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dc.contributor.authorDyson, Simonen
dc.contributor.authorAtkin, Karlen
dc.date.accessioned2012-02-01T09:53:25Z
dc.date.available2012-02-01T09:53:25Z
dc.date.issued2012-01
dc.identifier.citationDyson, S.M. and Atkin, K. (2012) Sickle cell and thalassaemia: why social science is critical to improving care and service support. In: Dyson, SM and Atkin, K (2012) [eds] Genetics and Global Public Health: Sickle Cell and Thalassaemia Routledge, pp. 192-203en
dc.identifier.isbn9780415698139
dc.identifier.urihttp://hdl.handle.net/2086/5549
dc.description.abstractFor sickle cell and thalassaemia, social science is critical if we wish to understand the social context of - and how people experience - the two conditions. Sickle cell and thalassaemia are more than simply ‘being of’, ‘belonging to’ or ‘being at risk of’ a particular diagnostic category. Sickle cell and thalassaemia are an expression of how people interpret and negotiate their social experience (see, Kleinman, 1988). To be successful, policy and practices, wherever they are enacted, need to engage with this. By way of conclusion to this volume – and to help facilitate this - we indicate five ways, or five meanings, through which we signal this critical nature of social science and its potential value in working alongside more clinical paradigms to improve the care of those at risk of sickle cell and thalassaemia disorders.en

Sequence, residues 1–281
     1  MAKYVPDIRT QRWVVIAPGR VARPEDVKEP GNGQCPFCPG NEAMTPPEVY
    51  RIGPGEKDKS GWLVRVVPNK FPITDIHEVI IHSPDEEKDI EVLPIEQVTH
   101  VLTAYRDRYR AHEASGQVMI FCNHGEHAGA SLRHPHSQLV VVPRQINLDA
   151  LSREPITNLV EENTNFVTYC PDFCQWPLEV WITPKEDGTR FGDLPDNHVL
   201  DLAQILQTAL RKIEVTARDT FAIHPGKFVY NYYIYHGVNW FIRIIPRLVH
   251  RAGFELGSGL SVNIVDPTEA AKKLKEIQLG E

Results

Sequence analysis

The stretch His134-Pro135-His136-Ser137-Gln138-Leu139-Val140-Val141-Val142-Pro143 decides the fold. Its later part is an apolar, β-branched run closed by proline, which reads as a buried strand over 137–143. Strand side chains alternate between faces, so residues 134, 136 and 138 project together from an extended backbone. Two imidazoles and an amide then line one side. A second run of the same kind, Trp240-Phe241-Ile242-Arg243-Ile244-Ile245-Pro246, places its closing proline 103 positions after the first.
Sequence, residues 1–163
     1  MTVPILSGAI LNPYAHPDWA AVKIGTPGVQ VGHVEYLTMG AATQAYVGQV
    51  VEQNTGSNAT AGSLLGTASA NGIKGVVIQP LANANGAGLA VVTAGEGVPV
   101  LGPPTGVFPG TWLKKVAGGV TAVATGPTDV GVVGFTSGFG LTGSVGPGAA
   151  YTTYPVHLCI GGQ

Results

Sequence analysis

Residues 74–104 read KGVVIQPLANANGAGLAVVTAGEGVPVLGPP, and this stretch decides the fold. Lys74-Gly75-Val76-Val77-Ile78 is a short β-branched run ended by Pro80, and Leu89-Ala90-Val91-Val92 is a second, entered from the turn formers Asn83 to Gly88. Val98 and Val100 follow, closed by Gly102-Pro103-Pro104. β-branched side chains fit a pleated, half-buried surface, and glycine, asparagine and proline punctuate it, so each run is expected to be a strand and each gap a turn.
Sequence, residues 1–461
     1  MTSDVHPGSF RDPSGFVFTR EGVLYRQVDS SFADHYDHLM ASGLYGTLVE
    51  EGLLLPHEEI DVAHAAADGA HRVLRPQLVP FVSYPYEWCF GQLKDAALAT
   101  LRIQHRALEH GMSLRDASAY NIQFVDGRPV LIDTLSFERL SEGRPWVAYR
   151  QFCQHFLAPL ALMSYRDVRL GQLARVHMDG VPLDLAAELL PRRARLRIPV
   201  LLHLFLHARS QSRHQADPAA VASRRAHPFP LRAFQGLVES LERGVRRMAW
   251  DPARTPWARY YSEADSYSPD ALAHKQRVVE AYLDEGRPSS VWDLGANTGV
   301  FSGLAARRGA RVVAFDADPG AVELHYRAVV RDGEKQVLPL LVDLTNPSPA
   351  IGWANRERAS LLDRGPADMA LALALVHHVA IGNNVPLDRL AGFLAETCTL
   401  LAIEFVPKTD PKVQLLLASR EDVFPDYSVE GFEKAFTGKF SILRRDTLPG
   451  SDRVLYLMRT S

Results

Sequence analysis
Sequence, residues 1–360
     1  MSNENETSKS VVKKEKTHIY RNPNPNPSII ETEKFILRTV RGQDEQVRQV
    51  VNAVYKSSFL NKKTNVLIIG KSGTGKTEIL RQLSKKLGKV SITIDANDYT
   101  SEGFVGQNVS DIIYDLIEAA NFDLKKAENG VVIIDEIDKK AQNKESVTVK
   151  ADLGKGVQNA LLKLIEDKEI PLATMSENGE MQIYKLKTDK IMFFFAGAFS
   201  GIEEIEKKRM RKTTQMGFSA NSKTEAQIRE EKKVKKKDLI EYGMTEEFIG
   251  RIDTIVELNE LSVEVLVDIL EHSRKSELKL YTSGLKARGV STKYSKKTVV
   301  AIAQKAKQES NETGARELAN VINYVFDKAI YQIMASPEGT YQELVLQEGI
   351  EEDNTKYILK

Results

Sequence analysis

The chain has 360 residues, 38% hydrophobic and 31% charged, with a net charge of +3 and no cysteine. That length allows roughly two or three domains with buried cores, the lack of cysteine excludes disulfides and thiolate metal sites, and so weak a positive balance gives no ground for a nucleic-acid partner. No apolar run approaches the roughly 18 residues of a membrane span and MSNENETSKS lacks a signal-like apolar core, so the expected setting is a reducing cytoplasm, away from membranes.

dc.language.isoenen
dc.publisherRoutledge (Taylor and Francis)en
dc.subjectgeneticsen
dc.subjectpublic healthen
dc.subjectglobal healthen
dc.subjectsickle cellen
dc.subjectthalassaemiaen
dc.subjectsociologyen
dc.subjectcritical realismen
dc.titleSickle cell and thalassaemia: why social science is critical to improving care and service support.en
dc.typeBook chapteren
dc.researchgroupUnit for the Social Study of Thalassaemia and Sickle Cellen
dc.peerreviewedYesen
dc.researchinstituteInstitute for Allied Health Sciences Researchen


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